Option 2: Using a Public Certificate

To be able to sign your code, you will need a certificate. Certificates are issued by special Internet organizations called CA (Certificate Authority). There are many such organizations; the most prominent ones are verisign.com and tawthe.com.

You can get a full list of CAs by going to: Microsoft Root Certificate Program Members.

However, acquiring a certificate is quite a tedious and time-consuming process, (The CA has to identify you or your organization before it can issue a certificate) and you should expect to pay a few hundred dollars for the certificate.

Finishing Touches

Now, use the key information to sign the .cab file:

signcode -v mycert.pvk -spc mycert.spc ScriptableActiveX.cab
         -t [Timestamp server URL] 

Or, the following commands may be used to sign your code using SIGNTOOL.EXE:

signtool sign /f mycert.pfx /p Pass2 /v
         ScriptableActiveX.cab /t [Timestamp server URL]

Pass2: Enter here the second password you used when creating the PFX file.

Note: Specify the timestamp server URL at this step. The timestamp server URL provides a place to enter or edit the location of a timestamp server. A timestamp server validates the date and time that the cabinet file was signed. Certificate files can expire after a certain period of time. Contact your certificate file provider (certificate authority) for the location of their timestamp server.

The URL of a time stamping service provided for free by verisign.com is http://timestamp.verisign.com/scripts/timstamp.dll.

Validate a CAB File

Follow this procedure to validate a .cab file:

Option A: Using CHKTRUST
  1. Type the following at a command prompt to run SETREG.EXE on the client system with the TRUE value so that the test certificates are recognized:
  2. setreg -q 1 TRUE
  3. Run CHECKTRUST.EXE to ensure that the CAB file is signing correctly:
  4. chktrust ScriptableActiveX.cab

Expected results:

ScriptableActiveX.cab: Succeeded
Option B: Using SIGNTOOL

Run SIGNTOOL.EXE to verify the signing:

signtool verify /v /a ScriptableActiveX.cab

Expected results:

ScriptableActiveX.cab: Succeeded
Option C: Using Properties

You also can use the following method to verify your digital signature:

  • Open Explorer.
  • Browse to the file you just signed.
  • Right-click the file name and select "Properties."

Explorer will present you with the properties dialog of the file. This properties dialog will include a new tab, "Digital Signatures." You now can read the details of the signature in this tab.

A Complete Scriptable ActiveX Web Control Tutorial Using ATL

Embedding a Signed CAB File on a Web Page

ATL and MFC controls are embedded in Web pages using the <OBJECT> tag. Within the <OBJECT> tag, you need to specify three attributes for the control:

<OBJECT classid=B8748B60-E34D-42AA-9309-8012CA4964AC
        CODEBASE ="ScriptableActiveX.cab#version=1,0,0,1">

The ID parameter refers to the the control's name. The CLASSID parameter refers to the CLSID of the control. And, the CODEBASE parameter refers to the location from which to download the control. Note that CODEBASE can point at a number of different file types successfully.

If you include the optional version number with a CAB file, the version number should refer to the control being downloaded. For example, because ScriptableActiveX.dll has a version number of 1, 0, 0, 1, the version for the CAB is also 1, 0, 0, 1.

If you do not include the version number, older versions of the same control will not be replaced if they are found on the client machine.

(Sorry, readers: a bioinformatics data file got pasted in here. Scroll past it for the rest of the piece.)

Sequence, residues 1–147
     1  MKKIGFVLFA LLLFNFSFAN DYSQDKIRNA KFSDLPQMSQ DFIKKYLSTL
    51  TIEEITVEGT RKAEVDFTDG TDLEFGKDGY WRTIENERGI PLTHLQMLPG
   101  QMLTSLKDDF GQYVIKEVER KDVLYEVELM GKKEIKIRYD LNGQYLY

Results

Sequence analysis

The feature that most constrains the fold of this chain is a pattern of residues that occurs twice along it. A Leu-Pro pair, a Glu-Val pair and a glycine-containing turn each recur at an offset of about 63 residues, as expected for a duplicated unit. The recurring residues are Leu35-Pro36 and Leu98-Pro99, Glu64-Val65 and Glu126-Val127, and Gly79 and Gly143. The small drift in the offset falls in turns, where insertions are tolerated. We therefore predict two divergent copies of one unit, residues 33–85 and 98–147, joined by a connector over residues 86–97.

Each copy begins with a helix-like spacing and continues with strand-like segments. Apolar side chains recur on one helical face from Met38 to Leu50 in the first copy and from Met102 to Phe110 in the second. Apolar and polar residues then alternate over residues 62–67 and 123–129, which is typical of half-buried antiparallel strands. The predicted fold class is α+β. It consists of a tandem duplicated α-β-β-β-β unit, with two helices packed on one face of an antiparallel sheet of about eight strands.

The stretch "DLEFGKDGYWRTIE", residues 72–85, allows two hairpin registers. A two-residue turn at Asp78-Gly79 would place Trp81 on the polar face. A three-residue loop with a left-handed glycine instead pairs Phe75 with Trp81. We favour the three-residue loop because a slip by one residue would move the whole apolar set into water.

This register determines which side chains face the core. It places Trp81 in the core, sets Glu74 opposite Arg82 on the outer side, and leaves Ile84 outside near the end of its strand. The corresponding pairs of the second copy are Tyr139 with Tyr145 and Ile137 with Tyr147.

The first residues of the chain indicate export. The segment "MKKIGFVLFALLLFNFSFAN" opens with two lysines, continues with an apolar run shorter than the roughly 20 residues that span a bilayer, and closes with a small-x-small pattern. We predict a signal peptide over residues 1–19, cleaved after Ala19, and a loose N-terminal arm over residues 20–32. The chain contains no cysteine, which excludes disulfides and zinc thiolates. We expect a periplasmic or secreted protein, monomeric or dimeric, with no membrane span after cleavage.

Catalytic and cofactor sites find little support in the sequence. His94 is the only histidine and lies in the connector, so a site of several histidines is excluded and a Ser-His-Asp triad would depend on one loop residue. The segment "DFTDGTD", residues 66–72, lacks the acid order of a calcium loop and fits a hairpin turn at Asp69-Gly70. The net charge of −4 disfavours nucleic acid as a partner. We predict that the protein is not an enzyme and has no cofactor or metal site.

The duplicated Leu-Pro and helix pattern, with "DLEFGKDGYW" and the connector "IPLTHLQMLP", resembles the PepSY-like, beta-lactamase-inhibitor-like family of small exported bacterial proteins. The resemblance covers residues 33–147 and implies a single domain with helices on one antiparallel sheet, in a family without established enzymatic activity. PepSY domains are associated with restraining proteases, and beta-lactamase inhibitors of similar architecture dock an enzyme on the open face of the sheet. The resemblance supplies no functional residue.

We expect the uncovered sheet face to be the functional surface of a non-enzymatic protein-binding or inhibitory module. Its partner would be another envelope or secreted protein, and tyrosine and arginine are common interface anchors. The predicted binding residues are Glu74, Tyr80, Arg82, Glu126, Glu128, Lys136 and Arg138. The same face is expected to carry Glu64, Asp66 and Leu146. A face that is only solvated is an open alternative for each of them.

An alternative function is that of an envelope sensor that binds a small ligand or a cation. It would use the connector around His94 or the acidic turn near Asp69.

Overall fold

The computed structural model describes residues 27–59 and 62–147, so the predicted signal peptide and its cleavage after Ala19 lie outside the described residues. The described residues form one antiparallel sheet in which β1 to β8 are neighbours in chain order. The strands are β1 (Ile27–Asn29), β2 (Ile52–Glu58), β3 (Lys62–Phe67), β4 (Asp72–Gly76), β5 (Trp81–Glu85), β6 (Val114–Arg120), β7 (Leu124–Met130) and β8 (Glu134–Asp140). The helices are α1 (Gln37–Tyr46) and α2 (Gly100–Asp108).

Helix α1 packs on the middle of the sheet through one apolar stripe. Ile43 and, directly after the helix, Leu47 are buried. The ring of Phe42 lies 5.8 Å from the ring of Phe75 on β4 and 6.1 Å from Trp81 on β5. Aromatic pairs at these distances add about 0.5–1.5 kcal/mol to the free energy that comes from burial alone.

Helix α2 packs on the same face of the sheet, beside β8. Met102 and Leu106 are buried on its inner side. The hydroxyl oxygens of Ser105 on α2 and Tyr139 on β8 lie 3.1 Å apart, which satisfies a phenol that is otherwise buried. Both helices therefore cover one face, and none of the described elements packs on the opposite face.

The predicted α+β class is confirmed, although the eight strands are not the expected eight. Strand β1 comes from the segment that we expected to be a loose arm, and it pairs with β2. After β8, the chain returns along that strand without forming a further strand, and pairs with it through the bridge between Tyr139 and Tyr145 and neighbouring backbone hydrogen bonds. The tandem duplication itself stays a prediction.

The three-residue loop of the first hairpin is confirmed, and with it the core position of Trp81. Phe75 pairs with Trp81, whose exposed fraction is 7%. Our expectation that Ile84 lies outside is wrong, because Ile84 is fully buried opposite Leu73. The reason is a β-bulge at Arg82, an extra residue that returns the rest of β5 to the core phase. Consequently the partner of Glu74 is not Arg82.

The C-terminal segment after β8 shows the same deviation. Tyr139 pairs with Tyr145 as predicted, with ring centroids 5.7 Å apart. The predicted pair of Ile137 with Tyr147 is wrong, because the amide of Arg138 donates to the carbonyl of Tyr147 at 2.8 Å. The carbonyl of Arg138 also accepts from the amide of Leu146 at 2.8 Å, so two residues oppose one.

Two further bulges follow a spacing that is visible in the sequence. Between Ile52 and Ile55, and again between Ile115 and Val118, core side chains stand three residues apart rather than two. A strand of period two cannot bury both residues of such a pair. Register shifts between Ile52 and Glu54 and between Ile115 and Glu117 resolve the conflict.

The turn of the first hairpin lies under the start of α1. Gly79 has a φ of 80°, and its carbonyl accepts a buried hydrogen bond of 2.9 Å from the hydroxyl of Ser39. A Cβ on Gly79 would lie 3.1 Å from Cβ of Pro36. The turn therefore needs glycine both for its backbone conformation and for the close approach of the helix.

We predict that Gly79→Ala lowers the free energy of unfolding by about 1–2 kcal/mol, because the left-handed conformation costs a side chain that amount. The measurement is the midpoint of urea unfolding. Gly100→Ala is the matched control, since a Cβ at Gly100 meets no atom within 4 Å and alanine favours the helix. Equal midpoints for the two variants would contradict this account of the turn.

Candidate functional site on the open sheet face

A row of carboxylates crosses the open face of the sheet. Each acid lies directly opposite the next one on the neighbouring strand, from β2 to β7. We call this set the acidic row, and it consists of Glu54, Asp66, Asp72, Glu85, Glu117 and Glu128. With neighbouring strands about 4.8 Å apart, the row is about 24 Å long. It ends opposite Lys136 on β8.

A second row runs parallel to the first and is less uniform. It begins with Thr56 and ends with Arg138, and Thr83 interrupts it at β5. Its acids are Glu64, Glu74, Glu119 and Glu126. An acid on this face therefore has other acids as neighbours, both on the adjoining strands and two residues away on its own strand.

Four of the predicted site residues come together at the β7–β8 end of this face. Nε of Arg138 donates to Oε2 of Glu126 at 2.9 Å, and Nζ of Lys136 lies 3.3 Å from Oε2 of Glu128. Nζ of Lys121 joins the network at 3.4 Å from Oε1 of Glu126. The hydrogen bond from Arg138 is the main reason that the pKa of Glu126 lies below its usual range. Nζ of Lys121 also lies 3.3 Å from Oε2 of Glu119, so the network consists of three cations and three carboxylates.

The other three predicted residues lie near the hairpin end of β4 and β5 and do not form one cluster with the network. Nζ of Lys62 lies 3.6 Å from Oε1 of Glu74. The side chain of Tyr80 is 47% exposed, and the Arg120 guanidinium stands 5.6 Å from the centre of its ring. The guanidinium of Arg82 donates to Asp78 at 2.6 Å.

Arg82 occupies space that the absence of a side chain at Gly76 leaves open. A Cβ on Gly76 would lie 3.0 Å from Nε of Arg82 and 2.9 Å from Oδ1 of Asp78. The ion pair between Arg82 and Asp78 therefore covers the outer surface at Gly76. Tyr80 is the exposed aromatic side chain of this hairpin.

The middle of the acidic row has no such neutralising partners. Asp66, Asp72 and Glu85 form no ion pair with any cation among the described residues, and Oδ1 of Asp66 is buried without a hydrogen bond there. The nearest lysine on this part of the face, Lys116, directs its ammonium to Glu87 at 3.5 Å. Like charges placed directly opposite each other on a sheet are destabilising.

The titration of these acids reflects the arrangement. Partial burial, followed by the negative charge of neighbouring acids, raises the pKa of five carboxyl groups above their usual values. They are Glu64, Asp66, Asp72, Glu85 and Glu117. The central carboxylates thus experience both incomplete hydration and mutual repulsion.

Testing the Scriptable ActiveX Web Control

Adding controls by hand is not a simple process. The CLSID numbers are unwieldy to type, and it can be difficult to visualize the effects of the parameter settings on the control. To help with these difficulties, Microsoft created the ActiveX Control Pad, which can be obtained from their web site at Microsoft ActiveX Control Pad.

To test the Scriptable ActiveX Web Control with JavaScript, you may use ActiveX Control Pad to create it, or you may find it easier to lay out your page in your preferred HTML editor as the following HTML code:

<TITLE>Scriptable ActiveX Web Control</TITLE>
   function NotifyActiveX(e)
      if ( e.readyState != 4 ) return;
                         caption=(new Date()).toString()",1000);
<STYLE TYPE="text/css">
#ScriptableLabelControl {
   width: 250px;
   height: 25px;
   padding: 4px;
   border: thin solid #fc5;
   margin-left: 5em;


Save this HTML code in your web server and browse it!

Internet Explorer will prompt the user before downloading and installing the ActiveX control. If Internet Explorer is attempting to install the Signed ActiveX control automatically, it shows the prompt, as shown in Figure 9.


Figure 9: The Signed ActiveX control's prompt

When prompted with a certificate, please accept it. When downloading and installation process are finished, the current date and time should appear, as shown in Figure 10.


Figure 10: Scriptable ActiveX Control

If you see the current date and time displayed properly in your browser, CONGRATULATIONS! ActiveX and scripting are working properly.

  • If you see a date and time but it isn't the right time, your PC's clock is set wrong! Double-click the time in the system tray to correct it.
  • If you see a blank space, ActiveX is probably working properly, but not scripting.
  • If you see the message ActiveX is not supported, your browser doesn't recognize ActiveX at all. Netscape, Opera, or other browsers usually do not support ActiveX.
  • When you think you've corrected any problem you are having with this, simply refresh the page [press F5] to try again.


For a control to be scriptable, it must follow Microsoft's object safety guidelines and be marked as safe for scripting. In this article, you examined the IObjectSafety interface and learned how a control built using ATL can take advantage of IObjectSafety. An example of a safely scriptable ActiveX control helped you explore this topic.